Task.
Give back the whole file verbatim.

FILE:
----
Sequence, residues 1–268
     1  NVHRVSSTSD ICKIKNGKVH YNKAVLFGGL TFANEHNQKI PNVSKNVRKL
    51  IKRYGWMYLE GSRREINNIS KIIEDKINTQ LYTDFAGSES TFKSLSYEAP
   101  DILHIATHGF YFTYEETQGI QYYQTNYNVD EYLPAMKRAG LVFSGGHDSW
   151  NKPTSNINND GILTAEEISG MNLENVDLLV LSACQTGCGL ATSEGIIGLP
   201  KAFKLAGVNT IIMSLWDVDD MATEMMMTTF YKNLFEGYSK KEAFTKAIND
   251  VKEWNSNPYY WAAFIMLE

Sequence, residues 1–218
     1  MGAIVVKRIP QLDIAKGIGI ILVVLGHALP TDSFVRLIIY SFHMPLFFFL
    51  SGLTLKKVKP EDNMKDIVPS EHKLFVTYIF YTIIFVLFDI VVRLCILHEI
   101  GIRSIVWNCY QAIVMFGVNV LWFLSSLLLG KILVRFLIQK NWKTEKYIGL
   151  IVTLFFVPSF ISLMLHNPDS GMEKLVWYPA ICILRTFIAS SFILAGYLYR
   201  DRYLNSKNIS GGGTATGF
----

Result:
Sequence, residues 1–268
     1  NVHRVSSTSD ICKIKNGKVH YNKAVLFGGL TFANEHNQKI PNVSKNVRKL
    51  IKRYGWMYLE GSRREINNIS KIIEDKINTQ LYTDFAGSES TFKSLSYEAP
   101  DILHIATHGF YFTYEETQGI QYYQTNYNVD EYLPAMKRAG LVFSGGHDSW
   151  NKPTSNINND GILTAEEISG MNLENVDLLV LSACQTGCGL ATSEGIIGLP
   201  KAFKLAGVNT IIMSLWDVDD MATEMMMTTF YKNLFEGYSK KEAFTKAIND
   251  VKEWNSNPYY WAAFIMLE

Sequence, residues 1–218
     1  MGAIVVKRIP QLDIAKGIGI ILVVLGHALP TDSFVRLIIY SFHMPLFFFL
    51  SGLTLKKVKP EDNMKDIVPS EHKLFVTYIF YTIIFVLFDI VVRLCILHEI
   101  GIRSIVWNCY QAIVMFGVNV LWFLSSLLLG KILVRFLIQK NWKTEKYIGL
   151  IVTLFFVPSF ISLMLHNPDS GMEKLVWYPA ICILRTFIAS SFILAGYLYR
   201  DRYLNSKNIS GGGTATGF